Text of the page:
Spring is the time of renewal, new beginnings, and Spring cleaning.
Oftentimes, we feel motivated to set goals at certain times of the year, like the New Year, a birthday, a new quarter, or with the change of seasons. This “fresh start” effect can have a measurable impact on our lives, so why not go beyond cleaning your home and set a new tradition by setting some healthy financial resolutions?
Interest rates are turbulent, and plenty of people are being faced with tough choices as current lending comes to the end of fixed terms.
Have you reviewed these in the past 12 months to ensure you are getting the best deal possible based upon price, service, and functionality?
Can you bundle your phone, cell phone and data plans to maximise discounts?
If you are paying an annual fee for these cards, can you rationalise to one or two?
Are there any other overdue payments, buy now pay later (BNPL) schemes, or other unnecessary costs that could be cut?
Transportation is one of the largest costs for any household or individual.
Cars are the most common form of cost, and it’s no secret that petrol isn’t getting any cheaper! Calculate how much your car costs to operate per km driven over a 12-month period.
Consider catching the bus, carpooling, using a bike, combining tasks when you go out, and so on – basically, anything to keep transport costs down.
Even if you’ve already prepared a budget, it’s a good time for another look.
Review your spending, income, and your savings over the past three months. What is working and what is not working? Take any lessons learned and apply that moving forward.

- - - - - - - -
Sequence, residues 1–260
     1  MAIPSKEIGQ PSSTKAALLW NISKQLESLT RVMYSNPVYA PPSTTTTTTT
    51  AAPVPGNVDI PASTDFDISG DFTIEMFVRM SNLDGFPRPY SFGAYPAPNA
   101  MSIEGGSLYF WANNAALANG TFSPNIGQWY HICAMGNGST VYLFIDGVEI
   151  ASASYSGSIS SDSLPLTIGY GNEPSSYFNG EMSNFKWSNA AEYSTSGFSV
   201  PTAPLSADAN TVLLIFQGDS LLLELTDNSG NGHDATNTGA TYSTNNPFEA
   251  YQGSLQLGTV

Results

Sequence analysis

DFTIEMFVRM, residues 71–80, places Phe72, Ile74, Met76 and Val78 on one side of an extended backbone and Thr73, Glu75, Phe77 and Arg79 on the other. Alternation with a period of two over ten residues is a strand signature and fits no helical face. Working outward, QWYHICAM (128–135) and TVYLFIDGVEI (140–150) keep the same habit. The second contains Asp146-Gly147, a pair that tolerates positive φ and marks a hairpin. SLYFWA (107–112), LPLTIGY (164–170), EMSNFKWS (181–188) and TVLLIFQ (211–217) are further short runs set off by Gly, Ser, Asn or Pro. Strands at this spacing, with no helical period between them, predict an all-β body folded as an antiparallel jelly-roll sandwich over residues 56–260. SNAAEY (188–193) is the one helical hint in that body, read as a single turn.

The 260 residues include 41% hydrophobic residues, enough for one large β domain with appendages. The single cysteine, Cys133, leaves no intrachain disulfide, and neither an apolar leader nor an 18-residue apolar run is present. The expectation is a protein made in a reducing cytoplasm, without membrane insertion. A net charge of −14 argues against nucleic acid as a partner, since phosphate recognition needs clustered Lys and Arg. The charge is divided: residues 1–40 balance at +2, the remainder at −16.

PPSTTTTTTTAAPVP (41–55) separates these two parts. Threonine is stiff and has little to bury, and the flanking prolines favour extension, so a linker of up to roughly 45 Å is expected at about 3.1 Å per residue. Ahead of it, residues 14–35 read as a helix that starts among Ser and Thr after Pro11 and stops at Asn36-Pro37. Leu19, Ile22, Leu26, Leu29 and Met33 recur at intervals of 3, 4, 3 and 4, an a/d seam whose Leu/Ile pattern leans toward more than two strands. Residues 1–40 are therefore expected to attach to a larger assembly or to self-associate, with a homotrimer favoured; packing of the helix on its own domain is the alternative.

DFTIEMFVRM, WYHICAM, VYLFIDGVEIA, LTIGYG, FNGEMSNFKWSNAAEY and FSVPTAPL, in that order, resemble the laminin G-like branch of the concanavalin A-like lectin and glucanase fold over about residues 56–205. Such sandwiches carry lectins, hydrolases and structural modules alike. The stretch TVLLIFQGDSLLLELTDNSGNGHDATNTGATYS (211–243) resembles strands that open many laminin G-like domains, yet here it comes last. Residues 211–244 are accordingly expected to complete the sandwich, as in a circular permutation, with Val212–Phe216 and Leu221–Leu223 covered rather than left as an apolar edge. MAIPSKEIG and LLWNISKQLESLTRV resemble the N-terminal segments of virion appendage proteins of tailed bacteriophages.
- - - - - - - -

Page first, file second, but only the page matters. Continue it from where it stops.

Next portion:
Make sure that you are contributing to an emergency fund. Many of us are happy that we had an emergency fund during the recent ups and downs of the pandemic; it is always a good idea to have three to six months’ pay in either a savings account or other easily accessible bank account for emergencies, such as medical expenses or the temporary loss of employment.
Once you’ve built up a contingency fund, can you save more money so it can compound for future goals? If so, how much? What is your current investment risk profile and are you aware of the implications that has on your investment performance?
Nobody likes thinking of the worst times.
Do you have enough insurance cover, and of the right type?
Plan for your future by either creating a will or establishing an estate plan. While an estate plan can cover situations both “now” and “later”, a will can be simple enough to direct the disbursement of assets and care for minor children in the event of your death.
Some people still spend on their kids until their children are grown and in their 40s!
Or, if you’ve got younger children, are there any easy wins that can be sought out to reduce child-rearing costs? Perhaps even substituting pricy hobbies with more economical ones?
Whatever you’re aiming for financially, how are you tracking?
If you’re within 15 years of retirement, you really need to start seriously estimating the income you want to have in retirement, and then adjust your planning to make sure you can hit your target income.
Or, maybe you’re saving for a first home and want to ensure you’re on track to accumulate a deposit.
Whatever the case, do your sums to ensure you hit what you’re aiming for!
Whatever your financial goals, a Spring financial clean out can help make your Spring season (…and summer, autumn, and winter) happier and more successful!